Now that Ulster County Executive Mike Hein and Assemblyman Kevin Cahill have worked out their differences for the time being over sales-tax issues, who won? The answer, I think, is both, though Cahill took a beating in the court of public opinion and figures to be Hein’s whipping boy for as long as both are in office.
For perspective, reset the clock to mid-June. The state legislative session is rushing toward its conclusion. Cahill is asking (demanding?) that Hein include county takeover of Safety Net expenses (county assistance to the poor) in future budgets. Otherwise the county’s request for renewal of the 1 percent sales-tax extension will die in committee. Hein tells him to pound salt.
At stake is about $6 million in sales tax revenue, with about a third for Safety Net. Hein refuses to talk and launches a PR blitz on Cahill, calling him “an extortionist,” among other things. Fear tactics follow loathing. Hein ramps up the debate with grim warnings of draconian reductions in county services should the “Cahill cuts” go into effect. Cahill counters by accusing Hein of hiding the contested amounts in his $357 million budget.
Public officials, from Comptroller Elliott Auerbach, county legislators, town supervisors to Kingston Mayor Shayne Gallo, rally around the executive. Pugnacious to a fault, Cahill stands his ground. The deadlock continues all summer. Anguish about possible extension of the county’s 1 percent sales tax, at least into the next session of the legislature in January, is palpable.
Last week saw a summit meeting in Hein’s office, pitting Cahill against the herd of supporters the executive invited. It turned out about even, with Cahill not only fending off the spears and arrows, but getting in a few shots of his own.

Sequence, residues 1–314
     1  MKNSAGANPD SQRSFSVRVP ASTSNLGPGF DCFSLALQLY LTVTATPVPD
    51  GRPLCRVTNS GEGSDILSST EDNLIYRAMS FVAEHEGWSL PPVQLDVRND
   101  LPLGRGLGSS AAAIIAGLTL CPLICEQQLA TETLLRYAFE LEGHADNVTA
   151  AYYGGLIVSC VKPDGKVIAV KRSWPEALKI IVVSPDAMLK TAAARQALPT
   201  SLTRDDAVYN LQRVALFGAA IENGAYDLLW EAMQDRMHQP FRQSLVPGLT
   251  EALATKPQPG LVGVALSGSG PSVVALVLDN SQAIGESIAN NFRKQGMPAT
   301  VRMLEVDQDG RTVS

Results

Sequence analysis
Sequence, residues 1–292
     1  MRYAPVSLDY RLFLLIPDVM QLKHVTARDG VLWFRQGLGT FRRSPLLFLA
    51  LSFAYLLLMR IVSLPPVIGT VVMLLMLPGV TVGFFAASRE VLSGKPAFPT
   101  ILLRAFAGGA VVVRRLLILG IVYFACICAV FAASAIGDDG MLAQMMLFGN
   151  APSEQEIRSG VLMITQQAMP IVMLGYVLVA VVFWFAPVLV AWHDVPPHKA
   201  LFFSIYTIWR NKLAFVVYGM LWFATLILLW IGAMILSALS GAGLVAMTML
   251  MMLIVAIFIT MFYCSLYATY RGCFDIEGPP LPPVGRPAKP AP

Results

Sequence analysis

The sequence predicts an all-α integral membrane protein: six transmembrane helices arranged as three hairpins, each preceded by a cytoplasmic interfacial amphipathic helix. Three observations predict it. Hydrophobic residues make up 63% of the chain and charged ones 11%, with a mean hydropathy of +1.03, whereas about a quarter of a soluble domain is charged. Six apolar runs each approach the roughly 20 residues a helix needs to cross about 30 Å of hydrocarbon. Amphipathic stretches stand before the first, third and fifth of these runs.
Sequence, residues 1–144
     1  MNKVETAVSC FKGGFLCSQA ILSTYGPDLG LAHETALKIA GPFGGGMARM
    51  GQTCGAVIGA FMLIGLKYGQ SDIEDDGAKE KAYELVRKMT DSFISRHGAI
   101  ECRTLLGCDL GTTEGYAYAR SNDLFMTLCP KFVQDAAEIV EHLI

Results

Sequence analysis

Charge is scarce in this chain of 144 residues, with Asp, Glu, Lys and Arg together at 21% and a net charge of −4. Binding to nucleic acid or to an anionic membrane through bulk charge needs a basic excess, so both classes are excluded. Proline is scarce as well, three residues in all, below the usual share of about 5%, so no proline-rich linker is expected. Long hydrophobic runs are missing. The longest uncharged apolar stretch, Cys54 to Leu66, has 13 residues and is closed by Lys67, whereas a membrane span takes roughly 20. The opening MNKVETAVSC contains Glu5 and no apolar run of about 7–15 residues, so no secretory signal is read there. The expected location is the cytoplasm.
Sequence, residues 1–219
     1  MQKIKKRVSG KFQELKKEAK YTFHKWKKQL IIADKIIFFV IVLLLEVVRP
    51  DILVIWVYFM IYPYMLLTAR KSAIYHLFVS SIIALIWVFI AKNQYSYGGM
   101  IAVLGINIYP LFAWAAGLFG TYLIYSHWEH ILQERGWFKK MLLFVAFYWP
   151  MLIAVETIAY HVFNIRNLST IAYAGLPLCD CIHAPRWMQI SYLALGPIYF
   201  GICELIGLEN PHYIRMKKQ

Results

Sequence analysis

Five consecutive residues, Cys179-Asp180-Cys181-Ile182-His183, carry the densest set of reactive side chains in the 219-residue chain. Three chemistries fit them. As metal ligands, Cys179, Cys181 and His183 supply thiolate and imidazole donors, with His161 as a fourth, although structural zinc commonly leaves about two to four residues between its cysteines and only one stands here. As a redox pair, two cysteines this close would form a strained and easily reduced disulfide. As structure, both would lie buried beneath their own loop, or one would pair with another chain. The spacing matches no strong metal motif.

“Hein’s a bully,” Dave Donaldson said to me after the fact. “But Cahill doesn’t bully. I know. I’ve tried.”
So Cahill took the abuse, but got pretty much what he wanted. Hein agreed to include safety-net costs in his 2014 budget, to be released this week. Cahill for the first time pledged to push for the sales-tax extension in January.
And as a bonus Hein, even without the $6 million he’ll lose by the delay in implementing the sales-tax extension, said he’d produce a budget that doesn’t raise taxes or lay off anybody in the sheriff’s department. He also said he will “protect” not-for-profits from county cuts.
In other words, the money was there all the time, just as Cahill alleged.
Cahill, like the cat who swallowed most of the mouse, has gone quietly to his corner plotting his next move. Hein, by decrying the “Cahill crisis” he says he now labors under, has signaled that this is not the last round.
Meanwhile, there remains collateral damage. Not that the rest of the county cares that much, but Gallo is still facing a $200,000 shortfall from this full circle back-and-forth. Unlike Hein, Gallo does not have millions buried in his budget for the proverbial rainy day. He’ll need to tap the city’s $2 million fund balance left to him by the man he abhors, former mayor Jim Sottile. Somewhere, Sottile is emitting a huge belly laugh.